Across the room from Gosse and James is a young woman who would remain unrecognized were it not that her name appears in brass below the portraitShe is Marian Evans and this likeness of her was painted, I would say, before ‘George Eliot’ gave her a weighty reputation. Here she has sunlit yellow hair and a red-rose and white complexion. The heavy features that we know so well, the halfclosed eyes and heavy lips, the face that seems to be the proper image of her who wrote in semiclassic beef-andpudding prose, are of a later sitting. Perhaps the signs of heaviness are here, but they can be mistaken for robust health and prematernal animal calmness, as yet untouched by years of hard-won dignity and the lack of a fixed social position. The face that smiles down at us seems now reflected in the faces of the lower middle classes. These very features, sharpened slightly and less smiling, are to be found in the faces of barmaids and ribbon clerks, and those women who are stationed behind glass cages in restaurants and hotels. These, like the face above us, seem preternaturally calm, yet they retain their calmness with a grim edge of resistance to the memory of Victorian womanhood. They tower over the little men surrounding them and stand guard over fleets of deferential bell boys and suave waiters. Efficient management is in the air, and through each swift action British serenity must be sustained.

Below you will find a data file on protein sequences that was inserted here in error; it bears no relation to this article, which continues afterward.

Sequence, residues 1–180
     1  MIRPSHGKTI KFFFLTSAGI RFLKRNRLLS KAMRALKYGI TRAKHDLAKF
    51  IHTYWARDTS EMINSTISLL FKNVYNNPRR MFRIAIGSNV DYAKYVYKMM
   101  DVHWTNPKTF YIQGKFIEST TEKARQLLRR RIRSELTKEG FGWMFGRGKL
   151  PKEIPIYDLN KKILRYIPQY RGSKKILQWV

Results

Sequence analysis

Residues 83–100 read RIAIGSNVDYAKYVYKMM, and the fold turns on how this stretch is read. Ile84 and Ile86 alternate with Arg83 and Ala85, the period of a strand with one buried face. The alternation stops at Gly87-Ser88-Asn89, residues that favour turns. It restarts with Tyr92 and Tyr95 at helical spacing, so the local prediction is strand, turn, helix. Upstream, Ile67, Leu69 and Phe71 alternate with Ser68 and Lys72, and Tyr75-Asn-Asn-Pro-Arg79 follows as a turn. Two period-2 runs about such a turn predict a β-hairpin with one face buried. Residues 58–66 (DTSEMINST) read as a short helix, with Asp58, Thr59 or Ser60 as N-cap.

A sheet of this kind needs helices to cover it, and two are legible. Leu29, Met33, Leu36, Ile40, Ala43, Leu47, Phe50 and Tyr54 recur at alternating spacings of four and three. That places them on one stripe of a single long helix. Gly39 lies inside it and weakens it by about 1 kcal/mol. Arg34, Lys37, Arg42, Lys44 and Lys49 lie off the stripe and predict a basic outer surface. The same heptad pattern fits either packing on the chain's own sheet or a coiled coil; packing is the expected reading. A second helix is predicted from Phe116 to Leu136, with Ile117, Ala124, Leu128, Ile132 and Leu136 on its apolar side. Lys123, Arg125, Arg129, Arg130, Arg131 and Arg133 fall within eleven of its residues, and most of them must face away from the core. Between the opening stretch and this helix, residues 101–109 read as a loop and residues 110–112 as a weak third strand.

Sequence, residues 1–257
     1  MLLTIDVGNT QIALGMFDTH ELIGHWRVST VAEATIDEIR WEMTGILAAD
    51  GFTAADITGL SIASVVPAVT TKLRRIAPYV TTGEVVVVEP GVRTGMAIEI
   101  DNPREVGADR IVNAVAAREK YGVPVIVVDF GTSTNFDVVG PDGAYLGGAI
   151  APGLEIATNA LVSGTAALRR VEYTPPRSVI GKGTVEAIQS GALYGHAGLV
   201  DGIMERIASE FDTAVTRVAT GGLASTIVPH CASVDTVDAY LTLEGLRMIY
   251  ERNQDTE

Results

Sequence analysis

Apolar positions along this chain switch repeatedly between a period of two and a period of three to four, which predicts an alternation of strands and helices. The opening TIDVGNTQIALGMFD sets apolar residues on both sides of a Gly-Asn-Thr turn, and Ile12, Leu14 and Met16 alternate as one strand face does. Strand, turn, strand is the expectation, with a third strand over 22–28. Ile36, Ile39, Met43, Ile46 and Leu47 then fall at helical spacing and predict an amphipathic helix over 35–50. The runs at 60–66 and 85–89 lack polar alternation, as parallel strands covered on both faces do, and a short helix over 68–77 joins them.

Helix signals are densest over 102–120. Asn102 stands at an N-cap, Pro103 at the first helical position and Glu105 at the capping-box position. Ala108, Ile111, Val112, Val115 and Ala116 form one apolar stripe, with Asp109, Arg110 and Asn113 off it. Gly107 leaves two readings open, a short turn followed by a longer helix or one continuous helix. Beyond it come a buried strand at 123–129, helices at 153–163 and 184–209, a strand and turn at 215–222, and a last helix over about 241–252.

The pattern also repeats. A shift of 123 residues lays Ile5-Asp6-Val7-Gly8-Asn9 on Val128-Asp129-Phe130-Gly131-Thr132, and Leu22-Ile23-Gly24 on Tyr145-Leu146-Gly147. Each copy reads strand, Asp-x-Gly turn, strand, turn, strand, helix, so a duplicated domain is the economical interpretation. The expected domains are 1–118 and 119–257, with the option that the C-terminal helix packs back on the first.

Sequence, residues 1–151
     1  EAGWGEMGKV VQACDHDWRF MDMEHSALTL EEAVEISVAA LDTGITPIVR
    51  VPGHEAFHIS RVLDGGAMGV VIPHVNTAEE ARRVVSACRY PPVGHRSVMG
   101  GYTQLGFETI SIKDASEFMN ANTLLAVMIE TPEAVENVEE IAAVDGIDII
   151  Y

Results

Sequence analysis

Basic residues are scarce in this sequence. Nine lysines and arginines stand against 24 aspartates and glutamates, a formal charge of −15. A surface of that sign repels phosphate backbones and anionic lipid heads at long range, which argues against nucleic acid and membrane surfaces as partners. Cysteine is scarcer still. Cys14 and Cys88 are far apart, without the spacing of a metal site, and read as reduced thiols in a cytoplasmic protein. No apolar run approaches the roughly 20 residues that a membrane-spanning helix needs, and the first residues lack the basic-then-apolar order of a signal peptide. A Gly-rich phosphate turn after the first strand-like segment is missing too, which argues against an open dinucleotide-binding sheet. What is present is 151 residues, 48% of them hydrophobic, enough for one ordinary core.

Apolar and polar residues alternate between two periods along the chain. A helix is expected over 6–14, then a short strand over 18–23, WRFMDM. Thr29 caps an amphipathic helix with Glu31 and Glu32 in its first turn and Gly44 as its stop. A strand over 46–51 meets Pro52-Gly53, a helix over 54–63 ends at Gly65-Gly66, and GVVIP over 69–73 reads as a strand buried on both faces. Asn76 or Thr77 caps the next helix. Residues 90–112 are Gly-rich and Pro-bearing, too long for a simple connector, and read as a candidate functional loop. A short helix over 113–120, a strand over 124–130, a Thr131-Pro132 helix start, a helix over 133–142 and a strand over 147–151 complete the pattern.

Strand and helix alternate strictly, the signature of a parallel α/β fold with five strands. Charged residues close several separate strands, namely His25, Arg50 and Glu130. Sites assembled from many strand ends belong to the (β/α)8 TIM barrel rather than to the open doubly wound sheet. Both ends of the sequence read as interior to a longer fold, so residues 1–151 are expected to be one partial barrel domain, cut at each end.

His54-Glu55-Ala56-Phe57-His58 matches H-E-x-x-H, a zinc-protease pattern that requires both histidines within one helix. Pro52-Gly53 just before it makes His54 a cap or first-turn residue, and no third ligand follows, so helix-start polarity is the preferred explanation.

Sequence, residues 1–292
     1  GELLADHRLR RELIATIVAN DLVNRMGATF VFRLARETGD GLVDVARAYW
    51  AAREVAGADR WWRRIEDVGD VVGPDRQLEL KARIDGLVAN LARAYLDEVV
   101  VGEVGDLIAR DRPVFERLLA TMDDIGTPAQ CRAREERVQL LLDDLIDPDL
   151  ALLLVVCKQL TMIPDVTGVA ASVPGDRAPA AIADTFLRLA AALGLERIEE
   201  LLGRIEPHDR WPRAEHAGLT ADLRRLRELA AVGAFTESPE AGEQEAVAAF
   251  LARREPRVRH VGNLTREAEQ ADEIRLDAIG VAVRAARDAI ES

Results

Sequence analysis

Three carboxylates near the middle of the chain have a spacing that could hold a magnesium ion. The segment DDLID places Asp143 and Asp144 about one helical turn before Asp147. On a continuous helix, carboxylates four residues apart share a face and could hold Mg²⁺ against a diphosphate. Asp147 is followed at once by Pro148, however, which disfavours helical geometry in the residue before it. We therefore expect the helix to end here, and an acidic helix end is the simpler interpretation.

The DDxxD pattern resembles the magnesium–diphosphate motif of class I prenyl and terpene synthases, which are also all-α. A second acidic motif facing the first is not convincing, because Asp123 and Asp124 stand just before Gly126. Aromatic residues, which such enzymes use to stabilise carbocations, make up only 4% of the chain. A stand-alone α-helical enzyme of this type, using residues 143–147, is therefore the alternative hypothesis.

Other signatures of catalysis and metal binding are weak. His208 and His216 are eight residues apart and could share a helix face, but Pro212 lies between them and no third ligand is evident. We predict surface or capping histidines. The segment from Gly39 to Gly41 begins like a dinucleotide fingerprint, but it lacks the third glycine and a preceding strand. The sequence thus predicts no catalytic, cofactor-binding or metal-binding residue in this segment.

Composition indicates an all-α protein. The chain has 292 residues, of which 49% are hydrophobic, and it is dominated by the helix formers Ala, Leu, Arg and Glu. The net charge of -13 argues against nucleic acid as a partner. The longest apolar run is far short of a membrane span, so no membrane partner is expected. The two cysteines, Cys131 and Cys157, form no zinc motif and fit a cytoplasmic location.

George Eliot, however, is not the only woman in the room. Here are the Bronte sisters, and, among others, a certain mother and daughter who effect a singular contrast in personality. Of course the two are Mary Wollstonecraft and Mary Shelley, and, if the mother has an obvious advantage, some credit must be given to John Opie. Honest warmth entered each canvas as he touched it with his brush, and the woman was a nearly perfect model for his talent. He did not, however, invent the rich lips and generous mouth, nor the warm light that radiated from her body. It was she who transmuted something of this light to the chilly blood of William Godwin; and she who changed him, as though by some chemic miracle, into a lover. His humanitarianism was of the kind that fed itself upon abstract perfections; whatever emotions he possessed were quick to die and found their substitute in silent anger and martyred pride. Her death gave him the solace of human grief, yet after it there was nothing left but the spiritless desire to gain an income from the inheritance of his wealthy son-inlaw.
It would be easy to dismiss the pretentious portrait of Mary Shelley as so much vanity and outmoded affectation. The thin lips are curved into a simper that is the worst of all possible substitutes for a smile. It is obvious that Mary Shelley was acting the part of a grand lady seated at a writing table: the red curtain behind her, the fashionable black dress, the writing implements in ordered disarray about her, were details chosen for posterity to admire. The table reminds us that she was a novelist in her own right as well as the widow of a famous poet, but the rich, heavy furniture and the smart dress also remind us that she was the mother of a son who was to inherit a baronet’s title and a respectable fortune.